Images courtesy of Cantina Creative
In the Iron Man movies and comics, we’ll often see super-genius Tony Stark furiously producing lines of code to ensure his latest costume upgrade can fly on autopilot, harnessing a new source. deadly power or pair with bluetooth speakers. . What we never see, however, is Tony pondering font options, window sizes, and all the other variables that go into designing a user interface (UI) that doesn’t suck. In the real world, tech giants like Apple are investing billions in user interface development, tweaking countless iterations of text bubbles and screen sensitivity to the point of perfection. But for fictional big-screen UI creators who work with simple slices of a Silicon Valley budget, the path to believable and elegant UI design is a trickier process. At best, the work of these artists goes unnoticed, seamlessly propelling the story while maintaining the aesthetics of the universe. At worst, it pulls the audience out of the moment, leaving them wondering why future humans are using the papyrus to announce a breach in an airlock. We chatted with Alan Torres, a design supervisor at Los Angeles-based VFX Cantina Creative studio, to see what kind of process unfolds beneath some beloved cinematic art. While in Cantina, Torres helped design the God’s Eye device in the last Fast and furious, created a dystopian DNA database in Blade Runner 2049 and, yes, even put the display in Iron Man’s helmet.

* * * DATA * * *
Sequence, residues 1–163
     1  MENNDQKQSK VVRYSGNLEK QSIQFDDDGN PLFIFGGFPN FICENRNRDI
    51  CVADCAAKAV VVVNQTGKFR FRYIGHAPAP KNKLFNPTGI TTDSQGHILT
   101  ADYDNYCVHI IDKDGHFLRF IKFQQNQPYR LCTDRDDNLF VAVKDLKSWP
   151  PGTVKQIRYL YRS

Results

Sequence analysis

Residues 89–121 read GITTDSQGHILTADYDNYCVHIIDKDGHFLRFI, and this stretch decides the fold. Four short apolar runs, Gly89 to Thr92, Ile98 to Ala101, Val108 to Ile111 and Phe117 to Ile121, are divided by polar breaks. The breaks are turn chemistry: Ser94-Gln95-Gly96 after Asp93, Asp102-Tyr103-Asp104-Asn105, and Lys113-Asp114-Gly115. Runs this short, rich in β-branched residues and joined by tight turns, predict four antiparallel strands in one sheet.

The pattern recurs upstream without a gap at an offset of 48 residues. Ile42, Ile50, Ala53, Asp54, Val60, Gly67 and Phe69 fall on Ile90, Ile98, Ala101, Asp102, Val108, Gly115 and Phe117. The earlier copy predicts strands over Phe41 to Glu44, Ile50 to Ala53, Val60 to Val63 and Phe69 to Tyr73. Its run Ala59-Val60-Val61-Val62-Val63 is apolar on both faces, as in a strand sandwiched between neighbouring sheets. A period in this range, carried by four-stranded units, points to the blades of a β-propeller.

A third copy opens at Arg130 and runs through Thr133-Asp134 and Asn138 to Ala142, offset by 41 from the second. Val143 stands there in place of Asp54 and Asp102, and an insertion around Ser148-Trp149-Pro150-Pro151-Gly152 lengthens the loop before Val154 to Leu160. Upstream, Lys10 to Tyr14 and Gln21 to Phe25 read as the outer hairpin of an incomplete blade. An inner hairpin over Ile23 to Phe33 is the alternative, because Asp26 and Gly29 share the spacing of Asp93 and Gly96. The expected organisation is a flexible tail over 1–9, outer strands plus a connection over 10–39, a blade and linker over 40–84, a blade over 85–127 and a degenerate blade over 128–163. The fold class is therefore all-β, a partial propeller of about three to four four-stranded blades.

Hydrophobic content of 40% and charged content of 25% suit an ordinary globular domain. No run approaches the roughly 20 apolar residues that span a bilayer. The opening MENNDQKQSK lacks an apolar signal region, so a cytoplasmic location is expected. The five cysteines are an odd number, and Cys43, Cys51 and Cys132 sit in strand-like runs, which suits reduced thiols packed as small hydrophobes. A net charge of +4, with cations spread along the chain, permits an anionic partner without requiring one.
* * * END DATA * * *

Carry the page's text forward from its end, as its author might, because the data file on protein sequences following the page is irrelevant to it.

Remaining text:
This interview has been edited for clarity and length.
VICE: Explain to me the process of developing a user interface for a client, from concept to final product.
Alan Torres: For the creative process, we’ll usually have the script to review, or we’ll have a creative meeting with the producers, the visual effects supervisors, the director.
Never the writer?
[Laughs] Unfortunately no. This is not Hollywood’s strong suit. It’s an essential ingredient that’s missing in these great movies, absolutely. So we have these meetings. We’re going to go through the sequences we need to work on and get their current understanding of what history is and what technology needs to do to move the story forward. Then we go on our way and come back first with the most original ideas – things that we know are unlikely to be right.